Which of the following did Ryan Triggs do on his path to becoming the Principal Developer Lead at Yammer:
A. drop out of college during his junior year; B. randomly moved to Seattle; C. get a degree in computer science from a major university; D. work the graveyard shift while studying at community college?
The answer is: All except for C.
“I accept the unorthodox,” says Triggs from his office at Yammer in San Francisco. “I think my atypical career background helps me to stay open to what's going on in technology as things keep changing.”
Ryan grew up in a small town outside of Dallas. His father was an early adopter of the internet, which gave Ryan exposure to chat rooms and other digital communications at a young age (even if he got in trouble for running up his family’s pay-by-the-minute America Online bill).
Always interested in the playful side of the internet, Ryan started building punters to boot his friends off of their connection – “just to mess with them.” He also busied himself chasing down and sharing obscure sound bites from The Simpsons. “I still didn’t understand how the fundamentals of it all worked,” Ryan explains, “but I had my first taste of making technology do my bidding.”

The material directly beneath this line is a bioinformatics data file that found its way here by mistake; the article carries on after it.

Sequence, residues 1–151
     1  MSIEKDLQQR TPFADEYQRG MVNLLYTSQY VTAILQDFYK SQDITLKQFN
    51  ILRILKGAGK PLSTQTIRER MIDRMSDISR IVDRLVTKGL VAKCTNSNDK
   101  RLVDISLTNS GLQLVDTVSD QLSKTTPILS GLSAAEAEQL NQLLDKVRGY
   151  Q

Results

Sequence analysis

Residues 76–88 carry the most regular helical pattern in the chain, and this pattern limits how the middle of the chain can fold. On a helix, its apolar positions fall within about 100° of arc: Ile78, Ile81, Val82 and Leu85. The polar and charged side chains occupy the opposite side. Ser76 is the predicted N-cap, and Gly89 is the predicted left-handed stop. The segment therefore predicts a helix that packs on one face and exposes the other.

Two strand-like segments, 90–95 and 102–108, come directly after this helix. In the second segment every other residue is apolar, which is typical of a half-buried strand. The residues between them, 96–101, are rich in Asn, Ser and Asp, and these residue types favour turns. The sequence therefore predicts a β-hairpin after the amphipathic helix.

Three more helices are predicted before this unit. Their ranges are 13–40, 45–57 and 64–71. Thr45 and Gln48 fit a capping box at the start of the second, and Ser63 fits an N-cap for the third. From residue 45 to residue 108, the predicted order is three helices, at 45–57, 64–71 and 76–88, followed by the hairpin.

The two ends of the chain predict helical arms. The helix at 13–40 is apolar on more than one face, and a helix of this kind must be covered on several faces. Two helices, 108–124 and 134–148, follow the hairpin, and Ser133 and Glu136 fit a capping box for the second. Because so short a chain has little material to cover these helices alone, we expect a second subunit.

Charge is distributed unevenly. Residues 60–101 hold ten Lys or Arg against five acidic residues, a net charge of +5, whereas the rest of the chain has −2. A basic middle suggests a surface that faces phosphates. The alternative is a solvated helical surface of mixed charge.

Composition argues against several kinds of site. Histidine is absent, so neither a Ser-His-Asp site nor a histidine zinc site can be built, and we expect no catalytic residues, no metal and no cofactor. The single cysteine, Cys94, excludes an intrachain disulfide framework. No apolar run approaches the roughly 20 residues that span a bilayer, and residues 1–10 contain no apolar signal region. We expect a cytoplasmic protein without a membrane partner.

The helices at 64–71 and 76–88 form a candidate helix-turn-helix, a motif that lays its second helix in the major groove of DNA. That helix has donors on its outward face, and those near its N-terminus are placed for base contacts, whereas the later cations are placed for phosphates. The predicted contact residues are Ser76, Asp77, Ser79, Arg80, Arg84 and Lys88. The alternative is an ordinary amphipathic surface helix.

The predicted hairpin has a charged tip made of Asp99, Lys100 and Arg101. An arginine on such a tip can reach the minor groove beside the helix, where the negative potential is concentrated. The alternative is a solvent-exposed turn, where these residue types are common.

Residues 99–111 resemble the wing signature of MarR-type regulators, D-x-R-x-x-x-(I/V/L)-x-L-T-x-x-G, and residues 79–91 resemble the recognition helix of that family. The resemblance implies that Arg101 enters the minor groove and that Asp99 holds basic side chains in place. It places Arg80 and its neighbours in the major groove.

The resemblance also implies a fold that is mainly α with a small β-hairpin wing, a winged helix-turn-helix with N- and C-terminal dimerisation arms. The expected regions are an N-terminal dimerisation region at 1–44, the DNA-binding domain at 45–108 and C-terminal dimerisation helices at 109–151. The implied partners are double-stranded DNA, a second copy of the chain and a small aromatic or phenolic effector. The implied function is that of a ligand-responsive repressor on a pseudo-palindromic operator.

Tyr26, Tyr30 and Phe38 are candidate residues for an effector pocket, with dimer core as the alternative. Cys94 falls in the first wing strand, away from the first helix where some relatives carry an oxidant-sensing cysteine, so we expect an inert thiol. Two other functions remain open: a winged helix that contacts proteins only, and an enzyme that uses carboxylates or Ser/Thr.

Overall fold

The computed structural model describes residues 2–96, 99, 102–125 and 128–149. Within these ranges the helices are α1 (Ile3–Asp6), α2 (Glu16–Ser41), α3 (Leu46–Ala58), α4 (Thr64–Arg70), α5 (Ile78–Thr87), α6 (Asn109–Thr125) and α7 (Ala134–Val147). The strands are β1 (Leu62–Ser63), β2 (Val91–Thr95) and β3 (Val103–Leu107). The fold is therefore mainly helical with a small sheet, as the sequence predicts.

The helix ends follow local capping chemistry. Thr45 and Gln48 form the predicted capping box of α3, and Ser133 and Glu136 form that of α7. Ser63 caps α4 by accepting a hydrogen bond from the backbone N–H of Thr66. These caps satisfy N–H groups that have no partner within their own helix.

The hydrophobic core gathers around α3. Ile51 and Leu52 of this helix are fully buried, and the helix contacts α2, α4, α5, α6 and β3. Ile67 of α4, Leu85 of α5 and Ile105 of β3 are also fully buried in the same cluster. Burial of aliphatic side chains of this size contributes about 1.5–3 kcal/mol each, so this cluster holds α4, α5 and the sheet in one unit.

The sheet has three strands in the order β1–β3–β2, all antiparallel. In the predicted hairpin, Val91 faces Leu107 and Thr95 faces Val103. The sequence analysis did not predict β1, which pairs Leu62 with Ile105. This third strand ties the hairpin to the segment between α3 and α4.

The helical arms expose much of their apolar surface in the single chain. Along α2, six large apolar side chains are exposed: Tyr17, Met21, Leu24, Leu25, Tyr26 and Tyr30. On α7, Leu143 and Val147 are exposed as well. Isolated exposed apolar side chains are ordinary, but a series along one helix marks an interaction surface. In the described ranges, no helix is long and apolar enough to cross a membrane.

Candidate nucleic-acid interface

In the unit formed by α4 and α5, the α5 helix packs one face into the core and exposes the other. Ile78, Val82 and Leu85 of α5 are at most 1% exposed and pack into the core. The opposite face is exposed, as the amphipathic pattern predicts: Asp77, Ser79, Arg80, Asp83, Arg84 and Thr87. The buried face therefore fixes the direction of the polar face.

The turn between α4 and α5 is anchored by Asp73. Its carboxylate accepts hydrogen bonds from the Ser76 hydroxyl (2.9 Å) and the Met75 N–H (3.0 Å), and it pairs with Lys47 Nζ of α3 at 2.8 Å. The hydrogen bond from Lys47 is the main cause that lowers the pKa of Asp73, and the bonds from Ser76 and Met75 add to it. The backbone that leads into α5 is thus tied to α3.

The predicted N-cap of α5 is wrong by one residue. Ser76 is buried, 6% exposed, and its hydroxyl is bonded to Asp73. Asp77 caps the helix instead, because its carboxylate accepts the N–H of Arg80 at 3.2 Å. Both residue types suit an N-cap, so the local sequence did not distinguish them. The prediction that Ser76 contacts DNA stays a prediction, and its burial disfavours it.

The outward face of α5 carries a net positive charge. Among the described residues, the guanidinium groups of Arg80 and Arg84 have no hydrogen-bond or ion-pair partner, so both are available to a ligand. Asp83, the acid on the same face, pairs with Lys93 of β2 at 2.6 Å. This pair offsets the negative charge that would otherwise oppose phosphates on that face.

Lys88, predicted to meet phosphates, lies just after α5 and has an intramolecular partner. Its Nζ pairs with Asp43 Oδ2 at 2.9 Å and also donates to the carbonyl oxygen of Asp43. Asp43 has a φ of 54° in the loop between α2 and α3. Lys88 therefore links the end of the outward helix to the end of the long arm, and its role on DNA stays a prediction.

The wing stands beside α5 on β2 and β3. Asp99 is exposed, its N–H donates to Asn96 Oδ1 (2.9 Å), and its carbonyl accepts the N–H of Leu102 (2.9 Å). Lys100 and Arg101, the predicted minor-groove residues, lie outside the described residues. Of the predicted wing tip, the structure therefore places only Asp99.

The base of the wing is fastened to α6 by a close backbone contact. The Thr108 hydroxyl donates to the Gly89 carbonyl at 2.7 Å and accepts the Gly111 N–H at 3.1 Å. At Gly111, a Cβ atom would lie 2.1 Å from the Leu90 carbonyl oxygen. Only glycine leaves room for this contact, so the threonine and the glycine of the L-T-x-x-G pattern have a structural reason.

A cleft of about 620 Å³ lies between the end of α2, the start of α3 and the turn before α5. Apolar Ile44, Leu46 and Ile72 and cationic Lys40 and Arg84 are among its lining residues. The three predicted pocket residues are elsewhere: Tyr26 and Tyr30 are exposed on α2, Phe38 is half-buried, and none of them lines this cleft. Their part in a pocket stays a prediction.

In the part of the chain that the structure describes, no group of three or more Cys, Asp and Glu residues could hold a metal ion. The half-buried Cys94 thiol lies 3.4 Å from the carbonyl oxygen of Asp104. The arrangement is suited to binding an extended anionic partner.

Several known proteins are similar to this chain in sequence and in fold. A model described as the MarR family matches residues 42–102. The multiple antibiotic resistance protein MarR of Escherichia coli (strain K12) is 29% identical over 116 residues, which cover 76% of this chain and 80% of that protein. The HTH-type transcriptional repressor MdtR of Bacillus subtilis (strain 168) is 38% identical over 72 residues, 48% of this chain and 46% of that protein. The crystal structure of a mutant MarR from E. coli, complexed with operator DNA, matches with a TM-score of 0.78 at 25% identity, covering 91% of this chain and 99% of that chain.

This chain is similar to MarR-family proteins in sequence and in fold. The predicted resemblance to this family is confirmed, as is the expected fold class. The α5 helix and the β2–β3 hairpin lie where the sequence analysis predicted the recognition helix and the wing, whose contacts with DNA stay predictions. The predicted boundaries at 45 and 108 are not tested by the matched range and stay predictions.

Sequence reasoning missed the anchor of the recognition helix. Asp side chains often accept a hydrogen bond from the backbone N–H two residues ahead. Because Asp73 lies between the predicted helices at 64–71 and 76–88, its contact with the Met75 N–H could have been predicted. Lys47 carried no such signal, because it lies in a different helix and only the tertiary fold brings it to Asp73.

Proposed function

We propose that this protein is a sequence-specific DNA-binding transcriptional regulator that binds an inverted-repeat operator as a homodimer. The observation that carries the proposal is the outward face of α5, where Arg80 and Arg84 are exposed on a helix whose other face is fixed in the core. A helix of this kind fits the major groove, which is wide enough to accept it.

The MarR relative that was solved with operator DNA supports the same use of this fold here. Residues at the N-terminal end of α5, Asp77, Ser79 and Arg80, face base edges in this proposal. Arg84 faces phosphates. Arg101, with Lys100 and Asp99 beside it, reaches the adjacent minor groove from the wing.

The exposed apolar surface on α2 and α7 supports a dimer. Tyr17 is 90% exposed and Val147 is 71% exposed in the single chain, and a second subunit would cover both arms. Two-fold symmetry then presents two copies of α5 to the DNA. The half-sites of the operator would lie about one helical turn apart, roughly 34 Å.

In college at University of Texas, Ryan’s interests ran from Physics to Anthropology to Philosophy. But, he says, “I was more focused on spending time on Napster, looking for rare and acoustic versions of songs and digging deeper into online communities.”
After dropping out of school, moving to Seattle on a whim and working for FedEx at SeaTac airport, Ryan was playing a lot of guitar and tinkering with web development.
“In my first professional jobs, I began developing my skills as an engineer but started gravitating toward management,” says Ryan. He worked for Atlas then Razorfish and moved on to Yammer before Microsoft acquired it.
“There was so much hype around consumer-facing start ups that popular opinion was unsure about an enterprise startup like Yammer,” he says. “But I believed it had great potential and it was amazing to see that validated when Microsoft got involved.”
Ryan now leads the team that supports the site for Yammer.com but, during his time at Yammer, has worked on everything from SharePoint Web Parts to iOS and Android apps. Ryan explains, “My background helps me to bring a broad understanding to both career and hiring. As someone who hasn’t always looked good on paper, I have insight on what atypical candidates might bring to the table. It has made me a better manager at an increasingly diverse Microsoft.”
He concludes, “I don’t recommend my path to everyone, but I do appreciate the person who is willing to opt for the random choice or take a risk that may open unexpected doors down the line.”